A dozen kindergarteners breath in deeply and stretch their arms toward the ceiling as elementary school teacher Margeaux Coyne leads them through a quick yoga routine ahead of the morning’s lesson.
“We’re going to start with math today,” she says brightly before launching into a story about the math adventures of Rob and Bob.
Although school is out for the summer, these children are part of a new initiative aimed at giving low-income students additional learning opportunities outside of the regular school year.
The program, Impact360 Summer Success, is a new summer learning program that launched on June 18, 2018, on the College of Charleston campus. The result of a collaboration between the College’s After School & Summer Learning Resource Center, the CofC affiliated nonprofit Kids on Point (formerly Chucktown Squash) and more than 15 other education nonprofits, Impact360 supports 150 students in grades K-12 from Charleston, Berkeley and Dorchester counties. The six-week program aims to enrich students scholastically as well as socially and emotionally.
“Our belief is that it’s important to take a whole child approach,” says Rachael James, director of the After School & Summer Learning Resource Center. “We’re not just zeroing in on academics – that by itself is not going to help these children be successful in life. They need all these other skills and they need real-life experiences to build these skills.”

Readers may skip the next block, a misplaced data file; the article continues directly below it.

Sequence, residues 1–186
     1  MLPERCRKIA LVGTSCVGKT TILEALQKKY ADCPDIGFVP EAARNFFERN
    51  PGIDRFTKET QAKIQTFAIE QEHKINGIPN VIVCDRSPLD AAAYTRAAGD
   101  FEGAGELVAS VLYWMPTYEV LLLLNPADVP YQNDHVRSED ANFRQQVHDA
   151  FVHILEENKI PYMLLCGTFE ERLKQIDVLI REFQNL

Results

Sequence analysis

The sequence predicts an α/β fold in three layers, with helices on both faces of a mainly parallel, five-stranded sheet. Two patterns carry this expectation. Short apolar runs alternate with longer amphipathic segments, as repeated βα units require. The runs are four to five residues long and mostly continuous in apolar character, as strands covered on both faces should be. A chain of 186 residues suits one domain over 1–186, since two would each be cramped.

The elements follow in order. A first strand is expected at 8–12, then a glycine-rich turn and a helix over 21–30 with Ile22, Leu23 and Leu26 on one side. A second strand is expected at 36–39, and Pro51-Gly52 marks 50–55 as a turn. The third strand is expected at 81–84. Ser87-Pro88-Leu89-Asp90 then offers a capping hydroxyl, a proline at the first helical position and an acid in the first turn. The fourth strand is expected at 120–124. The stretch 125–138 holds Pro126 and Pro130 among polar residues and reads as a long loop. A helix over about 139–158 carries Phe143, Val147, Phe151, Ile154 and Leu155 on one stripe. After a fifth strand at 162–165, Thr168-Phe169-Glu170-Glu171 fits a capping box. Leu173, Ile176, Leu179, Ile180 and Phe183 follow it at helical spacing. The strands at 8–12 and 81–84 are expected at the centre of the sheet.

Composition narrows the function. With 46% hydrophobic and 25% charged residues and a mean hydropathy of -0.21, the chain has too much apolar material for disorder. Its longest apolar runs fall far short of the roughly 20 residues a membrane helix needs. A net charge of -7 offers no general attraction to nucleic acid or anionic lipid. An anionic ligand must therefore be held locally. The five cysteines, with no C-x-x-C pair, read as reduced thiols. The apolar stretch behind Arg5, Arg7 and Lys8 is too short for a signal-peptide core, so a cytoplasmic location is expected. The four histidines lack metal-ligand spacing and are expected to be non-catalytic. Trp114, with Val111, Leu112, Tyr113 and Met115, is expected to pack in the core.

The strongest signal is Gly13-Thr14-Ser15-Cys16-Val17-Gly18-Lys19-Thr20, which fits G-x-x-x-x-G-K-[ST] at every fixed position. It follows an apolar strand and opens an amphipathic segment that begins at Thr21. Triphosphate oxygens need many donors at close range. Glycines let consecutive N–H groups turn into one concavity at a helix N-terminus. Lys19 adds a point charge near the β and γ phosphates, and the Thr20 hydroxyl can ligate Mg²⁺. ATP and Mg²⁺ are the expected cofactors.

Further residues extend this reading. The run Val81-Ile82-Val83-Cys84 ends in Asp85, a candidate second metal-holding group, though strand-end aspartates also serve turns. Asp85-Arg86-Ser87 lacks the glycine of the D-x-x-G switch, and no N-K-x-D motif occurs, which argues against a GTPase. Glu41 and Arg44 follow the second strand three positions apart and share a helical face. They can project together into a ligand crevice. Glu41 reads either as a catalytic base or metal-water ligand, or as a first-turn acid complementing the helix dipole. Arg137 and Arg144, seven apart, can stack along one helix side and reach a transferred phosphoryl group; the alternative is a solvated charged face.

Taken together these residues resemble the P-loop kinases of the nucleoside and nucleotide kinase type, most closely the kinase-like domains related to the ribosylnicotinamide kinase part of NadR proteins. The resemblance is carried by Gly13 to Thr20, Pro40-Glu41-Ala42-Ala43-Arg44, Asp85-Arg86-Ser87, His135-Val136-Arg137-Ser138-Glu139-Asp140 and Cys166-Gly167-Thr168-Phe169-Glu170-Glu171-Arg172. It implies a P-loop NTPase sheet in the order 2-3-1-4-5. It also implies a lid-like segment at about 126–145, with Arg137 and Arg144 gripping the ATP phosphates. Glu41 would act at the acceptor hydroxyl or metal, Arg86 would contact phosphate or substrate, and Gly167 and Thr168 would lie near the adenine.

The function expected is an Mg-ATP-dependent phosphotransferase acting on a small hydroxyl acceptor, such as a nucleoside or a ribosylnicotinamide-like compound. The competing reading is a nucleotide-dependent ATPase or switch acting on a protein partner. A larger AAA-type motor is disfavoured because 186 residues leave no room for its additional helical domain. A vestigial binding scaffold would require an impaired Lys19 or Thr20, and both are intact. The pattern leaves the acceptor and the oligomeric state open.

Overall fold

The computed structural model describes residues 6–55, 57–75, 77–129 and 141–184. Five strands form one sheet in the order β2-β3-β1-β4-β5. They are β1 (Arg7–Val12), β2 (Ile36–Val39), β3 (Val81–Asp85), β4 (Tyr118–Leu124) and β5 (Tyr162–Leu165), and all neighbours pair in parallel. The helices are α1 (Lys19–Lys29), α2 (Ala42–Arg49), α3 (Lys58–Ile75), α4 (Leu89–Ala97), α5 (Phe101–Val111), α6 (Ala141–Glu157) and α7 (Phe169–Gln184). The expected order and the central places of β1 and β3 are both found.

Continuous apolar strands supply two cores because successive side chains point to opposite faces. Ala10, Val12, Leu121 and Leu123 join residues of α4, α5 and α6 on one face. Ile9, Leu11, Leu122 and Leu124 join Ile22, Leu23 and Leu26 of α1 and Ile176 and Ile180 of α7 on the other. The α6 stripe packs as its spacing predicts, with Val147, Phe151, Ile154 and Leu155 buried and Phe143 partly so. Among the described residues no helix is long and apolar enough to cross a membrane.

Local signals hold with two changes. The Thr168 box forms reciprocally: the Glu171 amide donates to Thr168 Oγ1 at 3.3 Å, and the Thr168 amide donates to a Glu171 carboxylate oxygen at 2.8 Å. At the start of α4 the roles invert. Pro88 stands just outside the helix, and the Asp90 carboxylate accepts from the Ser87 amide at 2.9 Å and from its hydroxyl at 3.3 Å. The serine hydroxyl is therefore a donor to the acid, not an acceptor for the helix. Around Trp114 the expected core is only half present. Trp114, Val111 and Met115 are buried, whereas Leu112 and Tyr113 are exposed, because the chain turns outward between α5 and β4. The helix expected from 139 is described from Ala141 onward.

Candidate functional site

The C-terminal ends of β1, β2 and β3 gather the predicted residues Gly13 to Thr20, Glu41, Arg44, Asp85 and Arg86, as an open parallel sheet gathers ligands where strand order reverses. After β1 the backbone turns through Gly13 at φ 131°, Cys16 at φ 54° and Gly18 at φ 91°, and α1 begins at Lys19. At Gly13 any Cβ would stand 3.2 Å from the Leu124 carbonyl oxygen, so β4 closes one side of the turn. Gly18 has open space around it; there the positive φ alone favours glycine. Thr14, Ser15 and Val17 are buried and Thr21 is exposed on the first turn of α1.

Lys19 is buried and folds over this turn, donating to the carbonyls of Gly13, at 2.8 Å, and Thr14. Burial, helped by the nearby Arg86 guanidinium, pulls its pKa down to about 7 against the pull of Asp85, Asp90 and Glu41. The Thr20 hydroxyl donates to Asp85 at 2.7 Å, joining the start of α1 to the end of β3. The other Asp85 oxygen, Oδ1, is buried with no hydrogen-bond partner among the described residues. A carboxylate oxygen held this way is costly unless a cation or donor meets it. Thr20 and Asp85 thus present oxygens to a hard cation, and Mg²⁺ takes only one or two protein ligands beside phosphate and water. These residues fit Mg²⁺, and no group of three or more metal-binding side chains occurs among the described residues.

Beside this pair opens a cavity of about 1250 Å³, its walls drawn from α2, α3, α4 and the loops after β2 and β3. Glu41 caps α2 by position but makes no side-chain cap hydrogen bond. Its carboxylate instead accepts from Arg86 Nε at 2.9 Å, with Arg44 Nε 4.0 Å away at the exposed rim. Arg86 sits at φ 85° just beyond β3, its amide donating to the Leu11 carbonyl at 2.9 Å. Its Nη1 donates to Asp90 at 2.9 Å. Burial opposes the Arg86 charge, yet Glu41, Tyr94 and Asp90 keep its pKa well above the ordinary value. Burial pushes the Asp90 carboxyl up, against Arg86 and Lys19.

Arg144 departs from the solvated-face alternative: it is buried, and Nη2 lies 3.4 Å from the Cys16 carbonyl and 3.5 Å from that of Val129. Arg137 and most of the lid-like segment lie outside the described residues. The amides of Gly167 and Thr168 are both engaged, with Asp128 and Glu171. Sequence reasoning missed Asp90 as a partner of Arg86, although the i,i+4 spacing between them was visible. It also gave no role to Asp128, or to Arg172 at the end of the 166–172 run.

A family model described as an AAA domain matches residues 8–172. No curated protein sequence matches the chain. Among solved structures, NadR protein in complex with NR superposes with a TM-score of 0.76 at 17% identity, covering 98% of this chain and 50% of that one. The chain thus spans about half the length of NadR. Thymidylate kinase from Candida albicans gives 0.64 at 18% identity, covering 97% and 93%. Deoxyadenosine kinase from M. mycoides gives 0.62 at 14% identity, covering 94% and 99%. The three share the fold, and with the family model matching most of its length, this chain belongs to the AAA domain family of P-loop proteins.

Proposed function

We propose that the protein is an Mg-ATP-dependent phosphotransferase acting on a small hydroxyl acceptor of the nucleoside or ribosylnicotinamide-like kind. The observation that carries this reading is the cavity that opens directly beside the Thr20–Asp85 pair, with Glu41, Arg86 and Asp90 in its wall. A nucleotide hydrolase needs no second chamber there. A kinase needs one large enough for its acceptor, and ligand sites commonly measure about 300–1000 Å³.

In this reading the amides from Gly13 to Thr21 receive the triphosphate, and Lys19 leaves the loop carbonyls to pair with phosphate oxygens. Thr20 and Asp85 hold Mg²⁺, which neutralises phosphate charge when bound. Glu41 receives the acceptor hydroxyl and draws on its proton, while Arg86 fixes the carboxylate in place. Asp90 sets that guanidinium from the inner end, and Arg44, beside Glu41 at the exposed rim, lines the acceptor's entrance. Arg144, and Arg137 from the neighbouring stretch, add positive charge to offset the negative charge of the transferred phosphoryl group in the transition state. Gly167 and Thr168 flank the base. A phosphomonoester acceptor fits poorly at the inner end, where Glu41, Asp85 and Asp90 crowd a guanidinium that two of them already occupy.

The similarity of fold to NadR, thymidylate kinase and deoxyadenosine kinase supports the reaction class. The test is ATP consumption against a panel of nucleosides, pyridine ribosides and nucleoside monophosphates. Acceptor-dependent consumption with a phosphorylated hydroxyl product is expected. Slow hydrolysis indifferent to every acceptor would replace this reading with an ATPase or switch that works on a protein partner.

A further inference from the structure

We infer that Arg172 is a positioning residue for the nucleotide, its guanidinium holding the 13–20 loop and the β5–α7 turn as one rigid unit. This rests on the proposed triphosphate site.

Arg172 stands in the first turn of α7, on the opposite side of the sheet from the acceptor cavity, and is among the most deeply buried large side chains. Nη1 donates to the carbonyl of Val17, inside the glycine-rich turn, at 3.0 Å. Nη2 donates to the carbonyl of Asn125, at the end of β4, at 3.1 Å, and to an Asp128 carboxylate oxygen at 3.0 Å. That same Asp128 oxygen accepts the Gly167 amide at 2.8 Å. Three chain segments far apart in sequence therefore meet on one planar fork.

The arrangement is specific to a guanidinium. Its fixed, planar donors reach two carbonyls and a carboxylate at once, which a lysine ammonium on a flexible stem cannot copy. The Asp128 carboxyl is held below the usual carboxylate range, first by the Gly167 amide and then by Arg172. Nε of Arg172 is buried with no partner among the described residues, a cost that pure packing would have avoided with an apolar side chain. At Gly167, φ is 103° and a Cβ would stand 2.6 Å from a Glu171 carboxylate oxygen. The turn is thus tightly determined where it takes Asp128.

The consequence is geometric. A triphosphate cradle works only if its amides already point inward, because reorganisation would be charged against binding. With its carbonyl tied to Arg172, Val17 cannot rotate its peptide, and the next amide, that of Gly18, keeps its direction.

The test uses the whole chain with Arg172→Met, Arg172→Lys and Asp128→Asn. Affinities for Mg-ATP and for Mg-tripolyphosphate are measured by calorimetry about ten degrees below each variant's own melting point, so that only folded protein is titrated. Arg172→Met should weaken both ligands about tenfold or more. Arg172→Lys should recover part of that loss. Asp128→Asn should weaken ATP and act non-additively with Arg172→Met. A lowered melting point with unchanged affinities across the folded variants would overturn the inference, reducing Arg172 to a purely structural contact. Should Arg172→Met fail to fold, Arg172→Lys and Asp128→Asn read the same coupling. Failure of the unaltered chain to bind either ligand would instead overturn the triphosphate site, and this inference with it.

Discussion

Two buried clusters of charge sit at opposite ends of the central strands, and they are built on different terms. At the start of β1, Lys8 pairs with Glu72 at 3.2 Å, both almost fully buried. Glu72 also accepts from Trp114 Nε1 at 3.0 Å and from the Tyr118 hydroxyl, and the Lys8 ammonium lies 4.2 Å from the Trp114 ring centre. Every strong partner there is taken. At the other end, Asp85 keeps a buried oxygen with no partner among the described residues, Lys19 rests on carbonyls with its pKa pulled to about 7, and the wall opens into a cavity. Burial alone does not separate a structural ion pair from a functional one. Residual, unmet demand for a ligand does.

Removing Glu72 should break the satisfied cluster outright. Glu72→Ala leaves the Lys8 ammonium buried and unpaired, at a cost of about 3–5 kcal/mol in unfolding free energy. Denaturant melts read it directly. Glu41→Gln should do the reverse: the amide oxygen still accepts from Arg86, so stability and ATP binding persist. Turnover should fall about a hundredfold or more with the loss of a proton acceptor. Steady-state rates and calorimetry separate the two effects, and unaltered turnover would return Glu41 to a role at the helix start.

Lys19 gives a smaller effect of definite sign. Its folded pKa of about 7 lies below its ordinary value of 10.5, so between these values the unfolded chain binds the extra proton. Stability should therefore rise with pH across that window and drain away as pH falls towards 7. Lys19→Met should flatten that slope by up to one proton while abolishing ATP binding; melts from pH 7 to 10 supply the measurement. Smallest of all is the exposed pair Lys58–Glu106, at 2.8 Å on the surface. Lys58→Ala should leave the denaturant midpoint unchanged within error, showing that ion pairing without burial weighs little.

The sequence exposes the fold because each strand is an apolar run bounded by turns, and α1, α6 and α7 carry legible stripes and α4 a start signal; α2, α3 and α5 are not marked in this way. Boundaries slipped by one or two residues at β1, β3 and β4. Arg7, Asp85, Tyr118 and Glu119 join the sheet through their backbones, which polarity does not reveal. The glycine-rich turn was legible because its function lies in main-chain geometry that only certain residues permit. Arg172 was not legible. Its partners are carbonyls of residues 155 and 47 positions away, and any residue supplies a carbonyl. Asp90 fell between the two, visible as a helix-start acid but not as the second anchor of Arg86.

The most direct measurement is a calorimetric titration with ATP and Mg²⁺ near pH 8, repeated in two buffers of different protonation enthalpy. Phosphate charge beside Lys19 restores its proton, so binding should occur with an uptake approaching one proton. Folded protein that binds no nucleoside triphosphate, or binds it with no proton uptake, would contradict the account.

That philosophy was evident on a recent morning when the students started the day enthusiastically chanting “good morning” and later dancing excitedly to a song about loving, laughing and being strong.
Students were referred to the program through the various partner nonprofits, many of which offer academic support to at-risk students during the school year. James says the impetus for Impact360 was a desire to extend that support to students beyond the regular school year.
In addition to targeted academic activities for literacy and STEM (Science, Technology, Engineering and Math) subjects under the supervision of certified teachers, students visit a swimming pool one day each week along with weekly yoga classes among other physical activities. There are field trips, too, to places such as the Gibbes Museum of Art, the Medical University of South Carolina Urban Farm and the Mace Brown Museum of Natural History at the College. Other activities include boatbuilding with the Lowcountry Maritime Society and an excursion with the Audubon Society to Charleston’s Hampton Park for a day of bird-watching. Camp counselors, many of whom are CofC students, also support instruction and activities throughout the day.
“We will be evaluating academic growth,” says James, “but our main focus is on growing life skills, cooperation, perseverance and engagement. We want to see the kids enjoying themselves and feeling supported by adults.”
Featured image: Impact360 campers strike a surfer pose during yoga.